[sixties-l] Think the Days of the Draft are Gone? Think Again (fwd)

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Date: Thu Sep 19 2002 - 23:01:28 EDT

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    Date: Wed, 11 Sep 2002 14:33:19 -0700
    From: radtimes <resist@best.com>
    Subject: Think the Days of the Draft are Gone? Think Again

    Think the Days of the Draft are Gone? Think Again


    By William Rivers Pitt
    t r u t h o u t | Perspective
    September 11th., 2002

    2.7 million Americans served in Vietnam. 304,000 of them were wounded in
    action, and over 75,000 of those were disabled by their injuries. As of
    Memorial Day 1996, there were 58,202 names listing the dead on the long,
    black monument in Washington, D.C. Approximately 1,300 men are still listed
    as missing in action.
    There are many reasons why people today believe a return of the draft is an
    absurd notion, and the
    names on that wall stand tall among them. The insanity loosed within this
    nation when the draft was violently resisted stands as another firebreak
    against a politician who would call for its reinstatement.
    Finally, most Americans believe that our armed forces are utterly
    invincible and fully capable of performing any task we require beyond our
    borders. We stomped the Iraqi army, then the largest mechanized military
    force in the Middle East, like a roach back in 1991. After 9/11, we
    rampaged through Afghanistan.
    Perceptions of this nature are dangerous, for they depart in the extreme
    from reality. Though we have succeeded in shattering the Taliban and
    dispersing al Qaeda in Afghanistan, the threat posed by the latter
    terrorist organization remains quite real. The cultural and tribal rifts in
    that region will require a massive American military presence there for
    years. The recent car-bomb attack against Afghan president Karzai
    demonstrates that, though we may have won all the battles over there, we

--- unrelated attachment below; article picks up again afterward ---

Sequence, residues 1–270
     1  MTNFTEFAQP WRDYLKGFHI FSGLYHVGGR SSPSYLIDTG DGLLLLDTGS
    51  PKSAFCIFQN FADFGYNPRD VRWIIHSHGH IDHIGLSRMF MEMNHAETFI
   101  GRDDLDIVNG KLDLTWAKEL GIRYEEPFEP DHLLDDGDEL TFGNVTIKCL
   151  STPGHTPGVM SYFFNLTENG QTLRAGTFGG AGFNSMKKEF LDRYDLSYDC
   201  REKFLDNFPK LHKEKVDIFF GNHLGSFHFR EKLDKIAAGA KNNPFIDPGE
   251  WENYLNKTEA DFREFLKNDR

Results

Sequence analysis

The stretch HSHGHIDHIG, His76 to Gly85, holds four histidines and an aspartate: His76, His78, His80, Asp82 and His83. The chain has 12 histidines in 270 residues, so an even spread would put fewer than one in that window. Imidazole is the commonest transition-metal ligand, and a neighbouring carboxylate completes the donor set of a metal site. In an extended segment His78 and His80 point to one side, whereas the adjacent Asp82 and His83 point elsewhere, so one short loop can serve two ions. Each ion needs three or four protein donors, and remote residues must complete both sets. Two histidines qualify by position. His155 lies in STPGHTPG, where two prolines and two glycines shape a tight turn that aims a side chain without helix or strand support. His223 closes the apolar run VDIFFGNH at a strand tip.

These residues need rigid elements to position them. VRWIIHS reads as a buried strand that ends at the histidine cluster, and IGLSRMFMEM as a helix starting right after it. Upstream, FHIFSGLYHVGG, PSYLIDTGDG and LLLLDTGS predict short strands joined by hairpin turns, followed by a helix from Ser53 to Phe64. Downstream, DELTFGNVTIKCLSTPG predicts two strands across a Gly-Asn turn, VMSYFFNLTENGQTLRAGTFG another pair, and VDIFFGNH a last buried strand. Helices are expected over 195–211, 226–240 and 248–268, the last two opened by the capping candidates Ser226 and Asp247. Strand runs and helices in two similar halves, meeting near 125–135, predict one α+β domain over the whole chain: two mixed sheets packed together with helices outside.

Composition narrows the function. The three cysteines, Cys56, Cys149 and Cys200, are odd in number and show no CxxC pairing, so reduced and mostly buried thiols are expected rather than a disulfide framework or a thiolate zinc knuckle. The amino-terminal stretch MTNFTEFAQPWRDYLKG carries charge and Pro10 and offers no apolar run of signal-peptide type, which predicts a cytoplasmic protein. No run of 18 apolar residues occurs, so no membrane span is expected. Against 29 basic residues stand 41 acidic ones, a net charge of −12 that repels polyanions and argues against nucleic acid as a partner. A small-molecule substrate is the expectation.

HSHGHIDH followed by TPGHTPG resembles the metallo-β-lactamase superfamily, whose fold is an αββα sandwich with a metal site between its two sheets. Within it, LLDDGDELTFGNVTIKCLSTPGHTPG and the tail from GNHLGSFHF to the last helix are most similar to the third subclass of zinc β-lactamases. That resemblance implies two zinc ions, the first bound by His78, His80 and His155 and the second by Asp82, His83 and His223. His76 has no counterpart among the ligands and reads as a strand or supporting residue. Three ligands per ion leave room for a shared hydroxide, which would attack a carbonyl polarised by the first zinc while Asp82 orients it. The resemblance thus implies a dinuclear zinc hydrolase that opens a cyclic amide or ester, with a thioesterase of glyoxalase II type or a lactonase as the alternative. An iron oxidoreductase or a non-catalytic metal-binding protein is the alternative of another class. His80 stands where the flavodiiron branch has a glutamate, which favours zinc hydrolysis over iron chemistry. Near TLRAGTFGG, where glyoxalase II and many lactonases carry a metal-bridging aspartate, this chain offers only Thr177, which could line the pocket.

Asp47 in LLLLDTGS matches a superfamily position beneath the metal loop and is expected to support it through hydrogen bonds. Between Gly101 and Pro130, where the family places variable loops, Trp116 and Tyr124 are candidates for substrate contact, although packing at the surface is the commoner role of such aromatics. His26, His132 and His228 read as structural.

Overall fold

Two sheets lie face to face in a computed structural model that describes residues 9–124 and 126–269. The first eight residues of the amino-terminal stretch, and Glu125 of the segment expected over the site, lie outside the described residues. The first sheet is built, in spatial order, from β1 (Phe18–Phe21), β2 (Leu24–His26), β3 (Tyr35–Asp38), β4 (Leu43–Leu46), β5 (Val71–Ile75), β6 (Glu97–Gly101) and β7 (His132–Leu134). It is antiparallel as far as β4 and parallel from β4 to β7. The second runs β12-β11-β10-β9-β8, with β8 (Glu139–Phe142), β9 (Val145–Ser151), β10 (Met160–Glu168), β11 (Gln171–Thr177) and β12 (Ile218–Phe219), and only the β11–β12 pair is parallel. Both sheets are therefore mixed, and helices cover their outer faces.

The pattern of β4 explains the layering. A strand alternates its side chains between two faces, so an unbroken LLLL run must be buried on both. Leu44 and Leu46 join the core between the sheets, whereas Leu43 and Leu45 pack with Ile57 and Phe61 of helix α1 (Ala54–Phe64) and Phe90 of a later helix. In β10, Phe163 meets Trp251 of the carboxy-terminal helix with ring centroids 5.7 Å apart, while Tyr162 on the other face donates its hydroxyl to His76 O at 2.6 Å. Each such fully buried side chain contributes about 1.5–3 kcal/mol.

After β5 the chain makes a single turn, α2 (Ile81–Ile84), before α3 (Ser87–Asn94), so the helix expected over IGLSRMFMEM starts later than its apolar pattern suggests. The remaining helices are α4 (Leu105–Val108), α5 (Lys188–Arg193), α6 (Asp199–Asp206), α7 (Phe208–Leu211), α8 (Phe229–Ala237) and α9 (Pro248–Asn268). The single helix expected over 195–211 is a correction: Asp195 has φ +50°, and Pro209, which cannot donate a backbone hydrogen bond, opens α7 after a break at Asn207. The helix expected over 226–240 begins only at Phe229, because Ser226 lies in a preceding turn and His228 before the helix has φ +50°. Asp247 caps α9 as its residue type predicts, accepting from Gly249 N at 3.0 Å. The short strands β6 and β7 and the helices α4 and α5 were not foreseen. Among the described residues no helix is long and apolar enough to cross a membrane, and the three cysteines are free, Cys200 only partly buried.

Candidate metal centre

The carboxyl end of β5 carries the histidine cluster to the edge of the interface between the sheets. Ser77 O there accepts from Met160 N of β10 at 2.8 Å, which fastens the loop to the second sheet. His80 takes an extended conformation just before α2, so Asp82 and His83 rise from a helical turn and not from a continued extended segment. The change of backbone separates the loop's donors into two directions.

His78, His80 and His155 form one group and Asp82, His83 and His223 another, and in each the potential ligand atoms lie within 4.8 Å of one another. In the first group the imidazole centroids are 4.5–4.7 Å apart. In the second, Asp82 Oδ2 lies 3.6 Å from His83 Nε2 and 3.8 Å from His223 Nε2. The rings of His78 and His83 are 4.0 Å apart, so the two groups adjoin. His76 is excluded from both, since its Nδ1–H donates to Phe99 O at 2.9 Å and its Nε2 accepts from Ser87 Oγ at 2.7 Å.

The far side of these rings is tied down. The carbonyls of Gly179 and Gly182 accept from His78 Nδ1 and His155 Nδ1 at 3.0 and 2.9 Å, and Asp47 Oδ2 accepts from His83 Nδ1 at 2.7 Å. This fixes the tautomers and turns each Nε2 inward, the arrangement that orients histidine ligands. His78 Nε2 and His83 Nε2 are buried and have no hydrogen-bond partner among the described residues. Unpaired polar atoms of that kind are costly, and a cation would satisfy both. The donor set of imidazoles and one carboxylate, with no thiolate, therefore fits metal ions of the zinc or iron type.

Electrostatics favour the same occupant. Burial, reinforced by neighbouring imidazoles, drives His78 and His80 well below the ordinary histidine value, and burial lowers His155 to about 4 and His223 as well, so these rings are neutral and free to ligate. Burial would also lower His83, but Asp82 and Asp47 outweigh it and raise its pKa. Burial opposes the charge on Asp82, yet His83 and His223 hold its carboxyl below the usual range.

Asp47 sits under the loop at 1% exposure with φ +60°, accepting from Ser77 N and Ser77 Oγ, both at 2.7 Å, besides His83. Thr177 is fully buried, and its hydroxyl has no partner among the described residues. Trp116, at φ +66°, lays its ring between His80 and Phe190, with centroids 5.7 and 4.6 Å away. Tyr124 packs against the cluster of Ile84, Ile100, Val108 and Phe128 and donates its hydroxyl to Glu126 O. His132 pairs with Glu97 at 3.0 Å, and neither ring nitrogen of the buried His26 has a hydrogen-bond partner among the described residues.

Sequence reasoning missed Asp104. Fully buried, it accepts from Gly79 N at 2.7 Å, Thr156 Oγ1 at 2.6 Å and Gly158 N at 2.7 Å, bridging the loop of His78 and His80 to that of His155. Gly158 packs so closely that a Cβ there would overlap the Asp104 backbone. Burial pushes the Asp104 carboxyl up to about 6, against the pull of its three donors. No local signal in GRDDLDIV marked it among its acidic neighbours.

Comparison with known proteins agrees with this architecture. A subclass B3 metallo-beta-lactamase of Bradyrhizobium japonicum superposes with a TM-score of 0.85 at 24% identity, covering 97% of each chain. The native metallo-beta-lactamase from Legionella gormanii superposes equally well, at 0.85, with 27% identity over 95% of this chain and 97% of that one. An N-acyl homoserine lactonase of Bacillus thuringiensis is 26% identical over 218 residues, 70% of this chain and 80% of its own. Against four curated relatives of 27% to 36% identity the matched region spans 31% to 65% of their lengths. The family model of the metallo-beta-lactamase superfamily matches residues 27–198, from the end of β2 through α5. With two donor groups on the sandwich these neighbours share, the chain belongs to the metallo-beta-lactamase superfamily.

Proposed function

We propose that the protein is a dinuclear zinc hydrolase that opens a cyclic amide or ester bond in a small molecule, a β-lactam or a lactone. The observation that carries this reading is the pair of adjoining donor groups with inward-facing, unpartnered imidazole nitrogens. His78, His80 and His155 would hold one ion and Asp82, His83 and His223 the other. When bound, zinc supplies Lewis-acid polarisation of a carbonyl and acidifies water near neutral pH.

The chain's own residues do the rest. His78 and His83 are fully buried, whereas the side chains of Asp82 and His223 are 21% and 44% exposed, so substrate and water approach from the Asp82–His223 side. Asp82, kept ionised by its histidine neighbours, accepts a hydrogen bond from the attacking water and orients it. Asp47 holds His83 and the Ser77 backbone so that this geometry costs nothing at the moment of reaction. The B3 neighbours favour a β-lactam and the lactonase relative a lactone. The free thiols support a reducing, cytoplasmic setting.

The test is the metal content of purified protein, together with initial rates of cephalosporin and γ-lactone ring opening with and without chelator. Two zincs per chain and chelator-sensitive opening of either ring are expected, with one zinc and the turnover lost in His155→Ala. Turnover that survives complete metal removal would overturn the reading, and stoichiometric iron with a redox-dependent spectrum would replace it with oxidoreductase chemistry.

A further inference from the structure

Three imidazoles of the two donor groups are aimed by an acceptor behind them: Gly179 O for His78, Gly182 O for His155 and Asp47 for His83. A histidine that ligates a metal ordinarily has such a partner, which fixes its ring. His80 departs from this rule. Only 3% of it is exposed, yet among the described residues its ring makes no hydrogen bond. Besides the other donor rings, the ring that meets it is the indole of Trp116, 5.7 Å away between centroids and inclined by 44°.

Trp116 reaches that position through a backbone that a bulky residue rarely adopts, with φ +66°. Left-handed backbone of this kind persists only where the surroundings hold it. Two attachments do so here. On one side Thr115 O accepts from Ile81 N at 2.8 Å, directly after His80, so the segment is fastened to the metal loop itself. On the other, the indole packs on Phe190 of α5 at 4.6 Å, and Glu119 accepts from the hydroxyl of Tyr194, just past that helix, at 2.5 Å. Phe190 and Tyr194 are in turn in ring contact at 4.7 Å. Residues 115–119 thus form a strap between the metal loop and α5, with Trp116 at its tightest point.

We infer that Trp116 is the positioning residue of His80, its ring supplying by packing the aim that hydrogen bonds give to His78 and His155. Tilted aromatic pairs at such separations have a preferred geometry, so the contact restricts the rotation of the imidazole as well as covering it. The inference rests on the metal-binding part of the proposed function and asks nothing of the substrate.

are far from obtaining victory.
    The situation in Afghanistan will be a significant tax on our military
    resources, unless we walk away as we did once the Soviets disengaged in
    1989, which would guarantee once again the rise of fundamentalist chaos
    there. We have reaped that whirlwind once already, and will hold this tiger
    by the tail until further notice. The fact that we have significant
    interest in the natural resources of that region only cements the
    permanence of our presence there.
    Our military presence in the Middle East is already significant, and has
    begun to steadily increase
    since George W. Bush began to beat the war drum against Iraq. A great many
    officers ensconced in the Pentagon strongly believe our military will
    become far too stretched in a repeat engagement with Saddam Hussein's
    forces. Few will say openly that they fear defeat, and in fact the odds of
    losing a war in Iraq are extremely low, but the pressure placed upon our
    military resources will be extreme. The potential for explosive upheaval in
    the Middle East should we make war on Iraq further exacerbates this.
    Between Afghanistan and Iraq, the United States military is reaching
    mission capacity.
    Still, the idea that forced military conscription of Americans could come
    again is a foolish one, right?
    Consider the following scenario. Consider it with particular care if you
    have loved ones of battle age.
    In July of 2002, the Defense Policy Board - a powerful group at the ear of
    the Bush administration which is chaired by former Reagan Defense
    Department official Richard Perle - listened with great interest to a
    briefing delivered by emissaries from a Rand Corporation think tank. The
    thrust of the briefing was that Iraq should be considered only the
    beginning of a protracted campaign to bring "regime change" throughout the
    Middle East. The final Powerpoint slide of this presentation described
    "Iraq as the tactical pivot, Saudi Arabia as the strategic pivot, (and)
    Egypt as the prize."